I’ve never been comfortable with the word, ‘homeless’ as a means of placing people into a tribal stereotype.  The emphasis on the structure a person dwells in as a tribal name is just too damned lots-of-what-I-wish-different-about-America-disease.  The straight fact is that every single one of us has a few thousand generations of ancestors who lived in similar homes to the ones these people sleep under, minus the library. 

And the names we give our ancestors are peasants, serfs, nomads, hunter-gatherers, the whole range of words describing people who weren’t aristocrats, struggled to stay alive any way they could.  People who were fetching and carrying for the aristocrats and starving/freezing-to-death-doing it.  Filthy, stinking peasants, serfs, nomads, scratching out a living any way they could, stalking the game animals in the rich-man forests and getting hanged for it, or wandering around grubbing for nuts, plants and meat varmints they could eat because they hadn’t advanced far enough to have aristocrats.

What those people used to be was tramps, hobos, beggars, derelicts, which was nearer the truth, but still didn’t cover the subject.  That place between the river and library is a hobo jungle minus a railroad track.  But I don’t think the people living that life can qualify by any stereotype.  For instance, my long-time-ago post about Stephen Schumpert, a guy I grew up with:

Could you choose to live on the street?

 If the cats all croaked on me I think I might like to try that for a while to flesh out my life experience while I still have some.

Anyway, I was thinking about all this as I drove home when I blew out a tire on the RV…. another inside-rear.  Sounded a lot like a shotgun when it went.  After examining it I decided to nurse it home instead of trying to change it on the road. 

The cost of a new tire’s going to set me back about a month in my best laid plans, and trying to get the RV off  the ground high enough to change it’s going to be a day spent in hard labor.  Haven’t decided whether  to try to nurse it back to Kerrville and let one of the working-for-a-living serfs and peasants at the WalMart or Discount Tire do the work.

Maybe instead of ‘the homeless’ a better word to describe the colony of people down between the library and the river would be, ‘the blown tires’.

I sort of like that.

Old Jules

The Poor and Under-educated

Previously posted June 9, 2005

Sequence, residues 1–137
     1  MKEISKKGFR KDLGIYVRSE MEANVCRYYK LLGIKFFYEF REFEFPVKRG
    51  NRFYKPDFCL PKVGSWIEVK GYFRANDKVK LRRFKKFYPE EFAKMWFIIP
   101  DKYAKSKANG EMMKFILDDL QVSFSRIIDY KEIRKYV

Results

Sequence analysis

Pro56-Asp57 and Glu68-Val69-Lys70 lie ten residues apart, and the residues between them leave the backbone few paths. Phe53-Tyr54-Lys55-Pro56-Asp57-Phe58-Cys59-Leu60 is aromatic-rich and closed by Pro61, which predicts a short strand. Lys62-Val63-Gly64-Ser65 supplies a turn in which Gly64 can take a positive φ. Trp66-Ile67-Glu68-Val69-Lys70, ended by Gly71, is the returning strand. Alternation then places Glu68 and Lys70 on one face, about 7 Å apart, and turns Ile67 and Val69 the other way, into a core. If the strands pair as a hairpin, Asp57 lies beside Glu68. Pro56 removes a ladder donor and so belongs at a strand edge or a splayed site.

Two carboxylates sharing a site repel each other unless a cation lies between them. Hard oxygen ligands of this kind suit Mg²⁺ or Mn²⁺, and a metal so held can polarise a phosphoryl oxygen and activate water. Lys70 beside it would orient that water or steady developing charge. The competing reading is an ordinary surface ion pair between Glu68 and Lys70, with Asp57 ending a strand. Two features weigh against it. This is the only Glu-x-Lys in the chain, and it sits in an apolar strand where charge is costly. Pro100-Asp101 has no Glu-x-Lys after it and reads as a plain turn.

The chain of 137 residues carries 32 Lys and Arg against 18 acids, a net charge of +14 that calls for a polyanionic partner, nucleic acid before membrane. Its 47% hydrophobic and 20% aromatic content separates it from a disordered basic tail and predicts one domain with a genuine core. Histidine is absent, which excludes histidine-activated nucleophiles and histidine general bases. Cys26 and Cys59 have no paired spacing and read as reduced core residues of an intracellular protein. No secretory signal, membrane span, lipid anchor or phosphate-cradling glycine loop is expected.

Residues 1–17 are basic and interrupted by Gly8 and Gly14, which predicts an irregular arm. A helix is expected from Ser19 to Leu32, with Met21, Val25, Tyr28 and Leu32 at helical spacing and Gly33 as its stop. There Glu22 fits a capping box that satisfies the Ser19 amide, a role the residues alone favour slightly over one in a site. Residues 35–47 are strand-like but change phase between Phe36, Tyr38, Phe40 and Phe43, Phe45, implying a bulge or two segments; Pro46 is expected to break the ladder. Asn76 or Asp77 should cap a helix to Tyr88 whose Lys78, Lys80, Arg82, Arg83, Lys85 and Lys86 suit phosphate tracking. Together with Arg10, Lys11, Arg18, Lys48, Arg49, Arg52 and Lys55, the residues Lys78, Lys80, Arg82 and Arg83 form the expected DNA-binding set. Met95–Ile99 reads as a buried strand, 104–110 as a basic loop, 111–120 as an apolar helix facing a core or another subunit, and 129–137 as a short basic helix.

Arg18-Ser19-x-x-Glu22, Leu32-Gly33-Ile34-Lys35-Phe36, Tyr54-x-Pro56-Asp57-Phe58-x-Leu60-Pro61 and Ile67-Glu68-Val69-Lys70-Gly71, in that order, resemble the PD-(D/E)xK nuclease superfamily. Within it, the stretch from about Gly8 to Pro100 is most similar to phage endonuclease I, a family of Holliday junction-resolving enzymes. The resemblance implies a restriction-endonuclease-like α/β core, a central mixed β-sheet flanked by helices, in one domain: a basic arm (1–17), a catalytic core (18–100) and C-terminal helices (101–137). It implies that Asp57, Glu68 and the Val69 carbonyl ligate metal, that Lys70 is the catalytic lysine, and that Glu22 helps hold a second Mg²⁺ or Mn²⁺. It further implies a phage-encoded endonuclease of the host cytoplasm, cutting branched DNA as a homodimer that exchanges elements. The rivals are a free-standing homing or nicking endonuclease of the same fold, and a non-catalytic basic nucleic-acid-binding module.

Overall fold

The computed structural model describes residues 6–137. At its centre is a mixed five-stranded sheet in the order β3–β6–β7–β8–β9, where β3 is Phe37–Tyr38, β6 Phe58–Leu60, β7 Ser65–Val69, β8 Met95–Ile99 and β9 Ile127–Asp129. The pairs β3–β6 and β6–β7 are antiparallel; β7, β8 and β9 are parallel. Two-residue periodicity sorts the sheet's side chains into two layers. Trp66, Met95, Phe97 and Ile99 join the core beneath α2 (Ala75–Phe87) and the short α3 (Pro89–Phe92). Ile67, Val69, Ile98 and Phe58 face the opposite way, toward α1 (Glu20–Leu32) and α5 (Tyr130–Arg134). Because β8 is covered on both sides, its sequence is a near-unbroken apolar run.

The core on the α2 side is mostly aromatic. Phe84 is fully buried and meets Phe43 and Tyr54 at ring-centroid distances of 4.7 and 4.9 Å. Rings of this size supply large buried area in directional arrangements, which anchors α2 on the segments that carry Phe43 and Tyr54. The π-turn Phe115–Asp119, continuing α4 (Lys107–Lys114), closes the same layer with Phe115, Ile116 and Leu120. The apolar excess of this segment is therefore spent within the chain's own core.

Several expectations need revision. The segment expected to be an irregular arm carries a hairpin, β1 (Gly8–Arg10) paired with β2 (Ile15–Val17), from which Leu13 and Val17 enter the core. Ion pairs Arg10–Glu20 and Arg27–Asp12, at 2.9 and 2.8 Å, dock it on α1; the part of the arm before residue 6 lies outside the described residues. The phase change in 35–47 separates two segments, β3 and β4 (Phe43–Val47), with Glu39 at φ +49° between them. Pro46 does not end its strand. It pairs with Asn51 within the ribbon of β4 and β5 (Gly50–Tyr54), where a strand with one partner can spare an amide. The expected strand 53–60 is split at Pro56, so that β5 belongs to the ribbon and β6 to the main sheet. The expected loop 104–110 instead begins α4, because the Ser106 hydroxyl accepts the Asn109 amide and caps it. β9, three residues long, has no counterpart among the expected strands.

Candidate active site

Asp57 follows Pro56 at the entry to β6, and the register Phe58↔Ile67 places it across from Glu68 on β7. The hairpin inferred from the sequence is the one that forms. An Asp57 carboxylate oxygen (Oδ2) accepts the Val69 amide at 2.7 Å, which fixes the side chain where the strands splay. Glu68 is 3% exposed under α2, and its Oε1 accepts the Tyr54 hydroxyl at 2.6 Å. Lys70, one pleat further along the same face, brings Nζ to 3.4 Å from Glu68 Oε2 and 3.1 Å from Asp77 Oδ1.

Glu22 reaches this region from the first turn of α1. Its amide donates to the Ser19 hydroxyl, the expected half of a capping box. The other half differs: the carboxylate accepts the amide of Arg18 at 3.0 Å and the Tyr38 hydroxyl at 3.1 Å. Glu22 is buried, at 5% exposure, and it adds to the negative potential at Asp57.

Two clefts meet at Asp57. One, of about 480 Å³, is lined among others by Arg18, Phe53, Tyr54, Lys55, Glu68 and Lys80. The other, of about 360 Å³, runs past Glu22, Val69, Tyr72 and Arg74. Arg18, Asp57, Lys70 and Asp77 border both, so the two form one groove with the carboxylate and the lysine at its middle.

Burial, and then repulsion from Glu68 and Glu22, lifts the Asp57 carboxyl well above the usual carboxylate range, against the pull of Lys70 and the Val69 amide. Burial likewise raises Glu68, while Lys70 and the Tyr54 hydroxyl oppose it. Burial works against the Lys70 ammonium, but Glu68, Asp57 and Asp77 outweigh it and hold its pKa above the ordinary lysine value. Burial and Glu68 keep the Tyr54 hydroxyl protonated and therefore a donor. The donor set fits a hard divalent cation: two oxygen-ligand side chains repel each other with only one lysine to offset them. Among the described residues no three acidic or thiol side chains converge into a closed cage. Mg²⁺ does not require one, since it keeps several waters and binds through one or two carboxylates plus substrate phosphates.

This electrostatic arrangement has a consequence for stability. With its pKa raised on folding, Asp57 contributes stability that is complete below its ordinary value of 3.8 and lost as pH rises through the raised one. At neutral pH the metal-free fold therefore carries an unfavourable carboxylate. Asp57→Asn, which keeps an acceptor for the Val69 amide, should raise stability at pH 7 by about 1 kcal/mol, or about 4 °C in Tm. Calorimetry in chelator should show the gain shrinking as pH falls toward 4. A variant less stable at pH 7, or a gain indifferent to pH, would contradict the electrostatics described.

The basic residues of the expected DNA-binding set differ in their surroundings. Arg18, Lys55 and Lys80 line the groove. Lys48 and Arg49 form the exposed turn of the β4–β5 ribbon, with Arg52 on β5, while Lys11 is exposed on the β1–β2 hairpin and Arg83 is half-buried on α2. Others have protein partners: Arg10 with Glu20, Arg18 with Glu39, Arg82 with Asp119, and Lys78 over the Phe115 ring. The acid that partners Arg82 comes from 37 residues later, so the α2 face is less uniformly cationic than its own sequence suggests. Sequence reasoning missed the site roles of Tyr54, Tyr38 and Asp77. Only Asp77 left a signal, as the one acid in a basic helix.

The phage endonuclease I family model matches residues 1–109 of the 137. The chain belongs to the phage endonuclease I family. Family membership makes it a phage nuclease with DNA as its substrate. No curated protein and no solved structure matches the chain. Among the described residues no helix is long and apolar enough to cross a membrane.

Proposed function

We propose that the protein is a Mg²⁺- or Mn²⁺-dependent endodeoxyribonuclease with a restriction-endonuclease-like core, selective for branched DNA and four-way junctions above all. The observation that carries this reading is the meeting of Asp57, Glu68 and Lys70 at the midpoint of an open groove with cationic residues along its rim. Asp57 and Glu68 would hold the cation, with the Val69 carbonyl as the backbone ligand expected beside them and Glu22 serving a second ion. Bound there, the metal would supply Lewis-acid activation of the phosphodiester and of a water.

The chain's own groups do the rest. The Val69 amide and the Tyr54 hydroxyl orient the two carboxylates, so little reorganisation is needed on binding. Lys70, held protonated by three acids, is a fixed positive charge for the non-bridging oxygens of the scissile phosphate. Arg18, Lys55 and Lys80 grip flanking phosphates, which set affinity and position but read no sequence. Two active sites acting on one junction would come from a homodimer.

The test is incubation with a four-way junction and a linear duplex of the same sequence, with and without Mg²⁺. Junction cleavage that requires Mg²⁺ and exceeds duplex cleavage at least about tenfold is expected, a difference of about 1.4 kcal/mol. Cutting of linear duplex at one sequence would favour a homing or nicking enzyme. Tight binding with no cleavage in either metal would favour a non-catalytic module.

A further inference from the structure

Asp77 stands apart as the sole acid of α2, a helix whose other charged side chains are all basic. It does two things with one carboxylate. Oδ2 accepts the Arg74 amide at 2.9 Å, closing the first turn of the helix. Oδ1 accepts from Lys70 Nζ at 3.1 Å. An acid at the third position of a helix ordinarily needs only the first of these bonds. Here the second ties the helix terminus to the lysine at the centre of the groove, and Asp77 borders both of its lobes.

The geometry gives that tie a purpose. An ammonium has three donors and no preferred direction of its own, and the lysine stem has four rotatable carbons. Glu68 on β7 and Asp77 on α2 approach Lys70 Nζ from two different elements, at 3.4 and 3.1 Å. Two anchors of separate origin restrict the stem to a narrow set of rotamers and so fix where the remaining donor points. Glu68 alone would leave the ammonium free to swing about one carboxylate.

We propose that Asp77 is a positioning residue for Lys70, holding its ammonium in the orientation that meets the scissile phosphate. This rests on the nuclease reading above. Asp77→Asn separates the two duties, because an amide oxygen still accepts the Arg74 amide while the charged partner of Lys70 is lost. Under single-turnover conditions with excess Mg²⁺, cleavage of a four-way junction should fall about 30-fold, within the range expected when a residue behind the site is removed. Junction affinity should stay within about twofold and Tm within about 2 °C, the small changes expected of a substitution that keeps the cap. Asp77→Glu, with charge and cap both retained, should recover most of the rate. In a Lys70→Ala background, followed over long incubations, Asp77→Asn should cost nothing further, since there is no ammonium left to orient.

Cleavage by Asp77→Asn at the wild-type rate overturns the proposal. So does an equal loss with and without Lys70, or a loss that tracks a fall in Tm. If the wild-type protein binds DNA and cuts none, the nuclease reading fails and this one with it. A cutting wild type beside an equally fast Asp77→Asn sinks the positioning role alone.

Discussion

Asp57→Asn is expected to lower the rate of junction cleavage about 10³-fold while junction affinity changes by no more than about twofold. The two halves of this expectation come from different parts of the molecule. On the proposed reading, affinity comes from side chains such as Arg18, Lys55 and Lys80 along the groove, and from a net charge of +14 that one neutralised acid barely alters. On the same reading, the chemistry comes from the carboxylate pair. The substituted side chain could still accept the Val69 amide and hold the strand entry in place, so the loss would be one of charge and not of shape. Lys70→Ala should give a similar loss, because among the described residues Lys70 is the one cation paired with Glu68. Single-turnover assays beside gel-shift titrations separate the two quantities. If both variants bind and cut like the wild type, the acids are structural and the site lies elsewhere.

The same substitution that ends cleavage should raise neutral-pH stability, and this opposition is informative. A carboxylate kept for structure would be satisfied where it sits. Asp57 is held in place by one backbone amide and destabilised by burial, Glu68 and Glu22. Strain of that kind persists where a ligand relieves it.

There’s been a lot of discussion on various threads about the statements people who think they know, (politicians, academians, religious zealots, know-it-alls, do-gooders and others with the wisdom to know what’s best for people who aren’t fortunate enough to be them) that most of the people who play the lotteries are poor and under educated.

The Poor:
I’d be the first to agree that people who are one or another level of ‘poor’ play the lotteries.  Most of us are poorer than we’d like to be…. that’s why folks such as Hollywood Henderson and Jack Whittaker bought tickets.

But how poor can a person be and still buy lottery tickets?

The poorest people I know are living on the streets panhandling.  They have their values straight, as a rule.  Priority one, when some money falls into their lives:  A bottle of something, a fix of something.

Priority number sixteen, or thereabouts:  Something to eat.

Priority number twenty-seven:  A lottery ticket.

Those folks aren’t buying a lot of tickets.

The somewhat higher level of poor people do buy some tickets, I’ve observed standing in line behind them at the convenience store.  They drive up in automobiles, buy a case of beer for the evening, some chips, and probably go home to watch the results on television.  They mightn’t have a nice home…. maybe a trashed out mobile home in some park full of human lessons to be learned, anger and loud music, but they aren’t actually poor.

In fact, by any standard besides the one we judge such things by today for social reasons, these ‘poor’ people are generally enjoying a level of wealth seldom experienced in human history.  There’s food available to them through food banks all over this nation to keep them from starving.  They have shelter from the weather and warmth in the winter.  They can purchase clothing at any garage sale for a quarter.  They drive automobiles or use public transportation unless they choose to walk.

In a world where the history of human living conditions have predominantly involved worrying about where the next meal is (or isn’t) coming from, where death by exposure to the elements has almost always been a reality, the US doesn’t have more than a smattering of poor people by standard that existed a century ago.